Definite Articles in German (Nominative and Accusative)

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About the series producer:

Video of class lecture slides introducing German definite articles (e.g., “der,” “die”) in both the nominative and accusative cases. The presentation builds on prior discussion of the nominative and accusative cases. The video begins with a review of German nouns and the concept of grammatical gender, and then moves to an examination of German definite articles in the nominative and accusative. The video concludes with specific examples of German definite articles being used in short sentences.

The video covers:

00:56 Review of German nouns and grammatical gender
02:13 German definite articles (nominative)
02:42 German definite articles (accusative)
03:49 The “Oklahoma Box”
04:45 Specific examples of definite articles in nominative and accusative

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  1. Declan Parkes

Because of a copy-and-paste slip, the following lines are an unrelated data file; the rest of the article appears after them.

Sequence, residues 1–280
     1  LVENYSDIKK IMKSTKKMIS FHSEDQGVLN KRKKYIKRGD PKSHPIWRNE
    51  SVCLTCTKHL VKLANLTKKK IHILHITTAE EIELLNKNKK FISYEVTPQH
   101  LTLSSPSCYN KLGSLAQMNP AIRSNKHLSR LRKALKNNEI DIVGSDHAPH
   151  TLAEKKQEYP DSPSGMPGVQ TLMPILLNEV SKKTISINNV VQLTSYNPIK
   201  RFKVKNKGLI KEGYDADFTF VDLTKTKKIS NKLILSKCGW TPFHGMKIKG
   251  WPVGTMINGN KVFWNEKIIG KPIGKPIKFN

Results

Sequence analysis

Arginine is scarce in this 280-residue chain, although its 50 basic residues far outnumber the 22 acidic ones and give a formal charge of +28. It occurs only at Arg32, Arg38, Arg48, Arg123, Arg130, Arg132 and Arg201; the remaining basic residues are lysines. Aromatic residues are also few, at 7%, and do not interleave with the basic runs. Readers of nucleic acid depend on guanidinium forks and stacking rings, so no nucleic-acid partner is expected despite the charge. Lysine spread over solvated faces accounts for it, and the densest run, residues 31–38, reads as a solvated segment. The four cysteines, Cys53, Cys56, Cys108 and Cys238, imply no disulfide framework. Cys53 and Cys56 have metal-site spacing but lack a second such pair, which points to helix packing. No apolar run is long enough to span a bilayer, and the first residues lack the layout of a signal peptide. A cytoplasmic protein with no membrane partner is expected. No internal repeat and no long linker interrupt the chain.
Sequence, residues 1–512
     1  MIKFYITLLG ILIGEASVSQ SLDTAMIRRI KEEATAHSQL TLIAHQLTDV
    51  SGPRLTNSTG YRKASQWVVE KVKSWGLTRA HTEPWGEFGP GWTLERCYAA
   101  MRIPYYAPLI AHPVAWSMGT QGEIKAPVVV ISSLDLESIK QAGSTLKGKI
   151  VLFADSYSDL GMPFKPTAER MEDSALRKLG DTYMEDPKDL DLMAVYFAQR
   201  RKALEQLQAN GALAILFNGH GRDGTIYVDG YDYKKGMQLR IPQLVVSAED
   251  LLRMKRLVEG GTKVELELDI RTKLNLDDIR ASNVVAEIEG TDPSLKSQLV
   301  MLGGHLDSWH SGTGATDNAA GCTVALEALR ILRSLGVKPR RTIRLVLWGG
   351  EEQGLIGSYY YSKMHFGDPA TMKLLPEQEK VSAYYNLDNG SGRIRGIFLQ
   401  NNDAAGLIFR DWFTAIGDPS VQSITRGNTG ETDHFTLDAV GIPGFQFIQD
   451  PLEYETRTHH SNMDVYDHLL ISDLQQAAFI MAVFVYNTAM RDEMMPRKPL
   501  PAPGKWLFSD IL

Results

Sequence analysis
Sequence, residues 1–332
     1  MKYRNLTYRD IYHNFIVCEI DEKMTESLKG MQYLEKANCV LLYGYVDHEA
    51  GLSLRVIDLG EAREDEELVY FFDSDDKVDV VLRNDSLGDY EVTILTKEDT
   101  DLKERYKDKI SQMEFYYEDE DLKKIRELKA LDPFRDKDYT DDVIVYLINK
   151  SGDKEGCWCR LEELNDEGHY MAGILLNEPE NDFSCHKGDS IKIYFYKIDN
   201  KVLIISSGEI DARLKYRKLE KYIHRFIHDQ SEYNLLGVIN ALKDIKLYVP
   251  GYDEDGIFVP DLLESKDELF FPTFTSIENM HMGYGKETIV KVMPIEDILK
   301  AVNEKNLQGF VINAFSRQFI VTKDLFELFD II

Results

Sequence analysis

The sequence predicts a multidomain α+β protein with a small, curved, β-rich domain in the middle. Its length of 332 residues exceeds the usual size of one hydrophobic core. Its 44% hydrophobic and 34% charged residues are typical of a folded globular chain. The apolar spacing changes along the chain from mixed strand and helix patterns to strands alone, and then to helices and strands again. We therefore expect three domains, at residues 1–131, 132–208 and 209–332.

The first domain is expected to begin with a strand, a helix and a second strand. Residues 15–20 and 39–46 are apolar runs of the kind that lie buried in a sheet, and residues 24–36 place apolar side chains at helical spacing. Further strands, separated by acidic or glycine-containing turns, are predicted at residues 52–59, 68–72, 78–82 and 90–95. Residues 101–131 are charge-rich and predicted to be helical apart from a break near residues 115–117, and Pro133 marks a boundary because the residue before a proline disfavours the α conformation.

August 16, 2017 at 4:26 pm

    Is the accusative case basically used when you are saying you have done something? Or if someone did something?
    Like dative is when you are doing something that affects the other person. I gave the book to the man- the man is being affected because the action of giving is the verb and the book is the direct object because it's receiving the action. The man is in the dative case because he's being given it, the man is the indirect object.

    But if you said " I hit the chair" or "I am hitting the chair", you aren't giving something you're not giving the chair something, but you are doing something to it? Like you wouldn't say "I gave the book to the chair" you'd give it to someone. But you can "I am hitting the chair" so the accusative case is when you are doing so,thing that affects the object but it's not dative because you can't give it something?

  2. Monika Anbuchelvan

    August 16, 2017 at 4:48 pm

    thank u sir .it was very useful. danke

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